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Crystal man gets PPP loan he didn't apply for

When an extra $150,000 showed up in Tom Fahling's checking account he realized immediately it was an error, especially when he saw it was a small business loan

MINNEAPOLIS — Tom Fahling knew something wasn't right when his checking account at Sunrise Banks suddenly grew by $150,000. The Crystal retiree's part-time job as a desk clerk doesn't pay that kind of money.

"I was brought up to know how much money you've got," Fahling told KARE. "I check my balance on my checking account. I’m the old school."

And yet, there it was. As plain as day, a $150,000 deposit with a description he knew didn't fit: a Paycheck Protection Program, or PPP, loan.

"No, I didn’t apply for a loan. That’s how I knew they made a mistake. I don’t have a business."

The expansive loan program features loans originated by lenders and backed by the Small Business Administration. Some business owners will qualify for full loan forgiveness, while others will get very low interest rates and deferred payments.

The PPP program has taken some criticism because some of the companies that qualified aren't what we think of as "small" businesses. But what happened to Fahling was a different issue altogether. It was a old-fashioned data entry mistake.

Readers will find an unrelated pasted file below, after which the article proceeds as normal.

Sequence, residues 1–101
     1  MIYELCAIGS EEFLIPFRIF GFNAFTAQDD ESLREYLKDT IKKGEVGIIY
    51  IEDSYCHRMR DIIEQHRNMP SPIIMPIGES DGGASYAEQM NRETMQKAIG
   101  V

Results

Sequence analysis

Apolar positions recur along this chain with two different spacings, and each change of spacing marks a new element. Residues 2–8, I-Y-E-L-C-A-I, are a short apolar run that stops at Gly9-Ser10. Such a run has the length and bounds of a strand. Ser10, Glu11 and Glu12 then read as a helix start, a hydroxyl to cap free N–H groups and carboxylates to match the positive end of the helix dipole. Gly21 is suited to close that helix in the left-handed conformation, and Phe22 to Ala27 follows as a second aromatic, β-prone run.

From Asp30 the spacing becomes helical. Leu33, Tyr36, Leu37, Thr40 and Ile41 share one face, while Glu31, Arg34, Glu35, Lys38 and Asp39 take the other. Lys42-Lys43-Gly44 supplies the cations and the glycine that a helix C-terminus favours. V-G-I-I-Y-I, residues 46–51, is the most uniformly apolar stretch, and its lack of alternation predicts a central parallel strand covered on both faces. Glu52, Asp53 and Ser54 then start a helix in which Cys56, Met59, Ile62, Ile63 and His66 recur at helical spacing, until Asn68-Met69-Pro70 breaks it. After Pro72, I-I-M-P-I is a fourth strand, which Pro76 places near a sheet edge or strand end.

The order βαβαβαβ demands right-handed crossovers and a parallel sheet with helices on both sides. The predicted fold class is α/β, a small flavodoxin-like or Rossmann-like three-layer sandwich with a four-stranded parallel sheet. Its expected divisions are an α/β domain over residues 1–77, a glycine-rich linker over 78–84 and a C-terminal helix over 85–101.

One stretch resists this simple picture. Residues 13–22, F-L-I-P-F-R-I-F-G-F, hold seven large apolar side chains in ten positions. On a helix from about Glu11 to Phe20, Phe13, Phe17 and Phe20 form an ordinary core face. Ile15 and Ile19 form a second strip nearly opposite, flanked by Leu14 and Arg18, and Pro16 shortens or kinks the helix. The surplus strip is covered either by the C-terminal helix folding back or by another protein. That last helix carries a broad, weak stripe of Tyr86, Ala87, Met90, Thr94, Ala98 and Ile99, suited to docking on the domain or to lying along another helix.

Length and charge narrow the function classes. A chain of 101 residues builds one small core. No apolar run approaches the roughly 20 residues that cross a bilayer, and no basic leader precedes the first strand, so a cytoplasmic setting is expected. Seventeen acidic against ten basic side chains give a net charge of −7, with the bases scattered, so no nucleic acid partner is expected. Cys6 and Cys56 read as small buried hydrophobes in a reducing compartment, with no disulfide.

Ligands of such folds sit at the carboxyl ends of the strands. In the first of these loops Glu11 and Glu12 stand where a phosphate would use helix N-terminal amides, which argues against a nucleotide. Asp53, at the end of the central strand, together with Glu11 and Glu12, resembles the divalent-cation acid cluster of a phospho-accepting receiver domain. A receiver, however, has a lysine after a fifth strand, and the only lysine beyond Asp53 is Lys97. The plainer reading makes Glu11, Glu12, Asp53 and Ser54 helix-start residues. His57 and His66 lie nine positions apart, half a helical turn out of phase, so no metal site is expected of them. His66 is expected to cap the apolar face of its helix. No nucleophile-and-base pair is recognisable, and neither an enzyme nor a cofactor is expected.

It took place after someone else's legitimate loan had been approved and bank employees were validating the account number before transferring the loan money to it.

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"We made a simple keying error in the account number, which just happened to be a number or two off," David Reiling, CEO of Sunrise Banks, told KARE.

Reiling said normally if someone were to type in the wrong number the computer would flag it immediately and alert to bank employee, but in this case the wrong number was an actual account number belonging to Fahling so there was no error message.

"This unintentional error happened to be someone else’s bank account, an actual bank account. That's statistically almost impossible, but it did happen and we apologize for the mistake."

He said Sunrise Banks originated 1,800 PPP loans totaling nearly $220 million over a relatively short time frame, which required employees to work night and day. That's consistent with the bank's mission of serving underserved areas of the Twin Cities. 

Reiling said when the PPP program was first launched employees had to do a lot of the processing manually, tasks that have subsequently become more automated. Sunrise asked for an audit of its PPP program and discovered that Fahling was the only person who received a misdirected loan deposit.

"But the fact is we really appreciate Thomas Fahling and his honest integrity for letting us know. Thomas in this case is the hero for doing the right thing."

When the unsolicited loan first arrived May 5 Fahling thought he'd just wait for the bank to discover the error and undo it. But by May 22 the extra $150,000 was still there so he called the bank and asked for the person in charge of the PPP loans.

"About 10 minutes after I contacted them it was gone!"

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